‘Real Collection’, the NFT marketplace where you can NFTize and trade curated premium art contents, has officially launched. Led by IBCT, the developer of next-gen blockchain platform LEDGIS, collectors are expected to see NFT art contents such as the 1st generation pop art and graffiti works from the famous East Village of New York and artworks by up-and-coming international artists, all exclusively sold on the platform.
East Village Art is an art movement born in the 1980s in the East Village, southeast of Manhattan, New York, focusing on graffiti art (doodling) inspired by hip-hop culture and street art symbolizing freedom and resistance. As the East Village became a slum due to reckless redevelopment and gentrification, the place naturally became the center of anti-establishment culture in New York and social issues such as class, gender, racism, drugs, poverty, crime, homosexuality and AIDS were all sublimated into artworks.
Real Collection presents these diverse East Village art contents including artworks by 20 unique artists such as Jane Dickson, Rick Prol, James Romberger and especially Jean-Michel Basquiat known as ‘The Black Picasso’, Keith Haring who needs no introduction, well known to the public, photos containing the lost works of famous pop artist like Richard Hambleton, all will be tokenized as NFTs.
Real Collection focuses on securing competitively excellent IP (Intellectual Property rights) selling works that are only selected through the review/approval of the art director and is planning to restore the lost works of legendary artists. Furthermore, the team is going to carry out various plans including the secondary market where resell/ArtTech is possible within the platform, selling art contents goods and displaying a digital showroom using its own flagship store so that the public can enjoy NFT art contents in a more practical way.
Meanwhile, Real Collection is built on the LEDGIS blockchain and provides a variety of original digital management functions, such as loss prevention, copyright protection and ease of sharing and utilization. To be specific, transparency and reliability of transactions are secured by applying DID (Decentralized Identifier) and IDH (Identity Data Hub – Decentralized encrypted data storage & sharing solution) technologies.
Real Collection will accept USD via PayPal and for the future, paying LEDGIS coin (LED) will be available as well. LED is currently listed on BitMart and Gopax exchange. LEDGIS official says, “As LED coin is additionally listed on global exchanges, the accessibility of LED will gradually improve. We will vitalize the LED coin economy through DApps in various sectors: medical, manufacturing, education, sports, fintech and of course, Real Collection.”
Real Collection has first unveiled the works by Jane Dickson, Rick Prol, Stephen Lack, Jim Radakovich, Mark Kostabi, and Choi TongYull among East Village art artists and photographs taken at East Village by Andreas Sterzing.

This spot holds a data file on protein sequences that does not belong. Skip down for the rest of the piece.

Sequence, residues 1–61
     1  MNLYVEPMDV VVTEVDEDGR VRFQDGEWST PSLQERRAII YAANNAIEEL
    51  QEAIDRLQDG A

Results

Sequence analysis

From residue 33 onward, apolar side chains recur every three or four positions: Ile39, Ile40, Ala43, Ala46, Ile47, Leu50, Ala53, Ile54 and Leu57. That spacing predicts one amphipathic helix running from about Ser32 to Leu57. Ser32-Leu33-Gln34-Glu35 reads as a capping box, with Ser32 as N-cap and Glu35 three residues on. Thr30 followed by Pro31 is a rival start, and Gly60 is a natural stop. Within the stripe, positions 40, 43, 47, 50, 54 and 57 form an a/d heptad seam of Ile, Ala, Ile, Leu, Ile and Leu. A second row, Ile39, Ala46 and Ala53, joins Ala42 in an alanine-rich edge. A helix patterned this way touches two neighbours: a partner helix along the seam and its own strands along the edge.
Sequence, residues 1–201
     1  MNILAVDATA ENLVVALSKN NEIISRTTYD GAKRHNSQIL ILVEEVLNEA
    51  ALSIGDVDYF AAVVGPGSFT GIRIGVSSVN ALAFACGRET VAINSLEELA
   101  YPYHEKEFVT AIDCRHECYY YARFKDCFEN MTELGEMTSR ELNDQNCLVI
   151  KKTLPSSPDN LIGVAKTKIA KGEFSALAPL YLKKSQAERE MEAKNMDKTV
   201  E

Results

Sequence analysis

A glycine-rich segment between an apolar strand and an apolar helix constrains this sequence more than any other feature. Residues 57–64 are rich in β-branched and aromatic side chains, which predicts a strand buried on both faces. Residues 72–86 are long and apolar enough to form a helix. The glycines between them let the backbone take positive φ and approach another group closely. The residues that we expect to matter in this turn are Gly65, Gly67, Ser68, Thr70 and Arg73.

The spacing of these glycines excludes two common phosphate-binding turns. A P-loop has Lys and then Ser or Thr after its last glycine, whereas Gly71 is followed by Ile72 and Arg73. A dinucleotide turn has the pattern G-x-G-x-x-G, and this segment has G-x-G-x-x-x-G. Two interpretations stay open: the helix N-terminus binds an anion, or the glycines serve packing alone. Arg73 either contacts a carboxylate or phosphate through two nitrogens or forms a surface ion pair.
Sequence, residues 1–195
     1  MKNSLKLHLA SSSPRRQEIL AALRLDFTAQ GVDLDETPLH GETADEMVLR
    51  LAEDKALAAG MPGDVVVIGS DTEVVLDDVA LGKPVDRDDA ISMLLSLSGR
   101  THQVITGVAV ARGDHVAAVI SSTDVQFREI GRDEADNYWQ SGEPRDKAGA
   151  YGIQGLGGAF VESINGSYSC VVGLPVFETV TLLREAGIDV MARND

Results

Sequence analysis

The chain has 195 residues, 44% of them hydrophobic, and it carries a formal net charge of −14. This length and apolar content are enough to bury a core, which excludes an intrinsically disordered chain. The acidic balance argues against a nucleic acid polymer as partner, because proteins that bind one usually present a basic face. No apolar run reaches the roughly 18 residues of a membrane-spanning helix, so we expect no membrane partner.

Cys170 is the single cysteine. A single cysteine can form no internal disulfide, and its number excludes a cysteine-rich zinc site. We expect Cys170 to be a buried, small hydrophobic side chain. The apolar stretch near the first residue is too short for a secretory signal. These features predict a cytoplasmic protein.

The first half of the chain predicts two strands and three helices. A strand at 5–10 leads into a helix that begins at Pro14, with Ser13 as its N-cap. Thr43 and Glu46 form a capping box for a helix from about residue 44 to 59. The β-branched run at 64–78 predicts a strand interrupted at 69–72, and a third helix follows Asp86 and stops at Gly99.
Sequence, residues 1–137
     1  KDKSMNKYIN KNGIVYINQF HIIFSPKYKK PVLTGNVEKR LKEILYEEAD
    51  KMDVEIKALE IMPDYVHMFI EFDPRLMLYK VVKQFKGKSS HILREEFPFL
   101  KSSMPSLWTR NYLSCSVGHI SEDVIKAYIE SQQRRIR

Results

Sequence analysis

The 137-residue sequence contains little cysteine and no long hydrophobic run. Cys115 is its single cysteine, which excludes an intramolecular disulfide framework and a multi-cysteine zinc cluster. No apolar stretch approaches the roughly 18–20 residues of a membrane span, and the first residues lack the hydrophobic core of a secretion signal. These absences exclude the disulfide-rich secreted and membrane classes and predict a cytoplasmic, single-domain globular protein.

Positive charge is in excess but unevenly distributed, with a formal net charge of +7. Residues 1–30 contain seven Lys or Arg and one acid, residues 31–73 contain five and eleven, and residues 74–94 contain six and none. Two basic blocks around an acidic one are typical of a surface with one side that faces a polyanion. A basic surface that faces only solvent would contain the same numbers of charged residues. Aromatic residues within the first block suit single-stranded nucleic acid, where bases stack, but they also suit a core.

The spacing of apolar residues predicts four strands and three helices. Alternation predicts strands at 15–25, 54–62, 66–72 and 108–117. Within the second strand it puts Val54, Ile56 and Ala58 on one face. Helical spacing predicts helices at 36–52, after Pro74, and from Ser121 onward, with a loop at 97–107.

Meanwhile, some works will be processed to be appreciated as 3D objects in the metaverse ecosystem in the future. And for this, high-end VFX and VR/AR companies which worked for special effects in the blockbuster movies like “Transformer,” “Star Wars,” and “Pirates of the Caribbean” are expected to be working together on this grand platform.
The following are the profiles of artists whose artworks have been released:
Jane Dickson (1952~)
As a main member of the collaboration, he created ‘Real Estate Show’ and ‘Time Square Show’ representing workers who were expelled due to ‘urban development’ and ‘profitability’. It deals with a variety of subjects in modern life involving suburban houses and highways. The colorful but faintly colored paintings on the black background express the sense of alienation that comes from city life.
Rick Prol (1958~)
He is regarded as an artist who excelled in the sensibility of the punks in the 1980s. His work humorously captures the dark and dangerous reality of the city of New York. Shaky and self-harming figures appearing in ‘NYC RIP’ (1988) and ‘Smoke (No Admittance)’ (1983) remind us of the dark side of New York.
Stephen Lack (1946~)
He explores the anxiety and violence latent in the middle class of the United States based on scenes like children returning home from school and cars parked obliquely on the road. Along with other East Village artists, he resisted the commercialization and conservation of art following the establishment of the Reagan government’s neoliberal economic order.
Jim Radakovich (1954~)
His paintings, which bring primitive motifs and express the emotions of a modern city, are humorous while serious. In 1984, he made his name for his solo exhibition held at the Sensory Evolution Gallery, and was active in the East Village throughout the 1980s.
Mark Kostabi (1960~)
A prominent figure in the East Village art scene of the 1980s, best known for his paintings of faceless figures addressing contemporary political, social, and psychological issues, he has roots in the work of Giorgio de Chirico and Fernand Léger. His works are in the collections of the Metropolitan Museum of Art and the Guggenheim Museum.
Choi TongYull (1951~)
Penetrating the East Village of New York and the Himalayas, he has created works around the keyword ‘vitality’. In his paintings, symbols and satire, energy and paradox, and the past and present are mixed, and the problem of existence has been captured through Neo-Expressionism. The identity of the diaspora has been expressed through the intense primary colors and the unconventional composition.
Andreas Sterzing (1956~)
His representative photographic work, ‘Pier 34’, is a photograph of an art project made at Pier 34 in New York City. ‘East Village Slideshow’ (2018) shows the East Village in the 1980s with 142 photos. The works of contemporary artists and graffiti all over the street are included.
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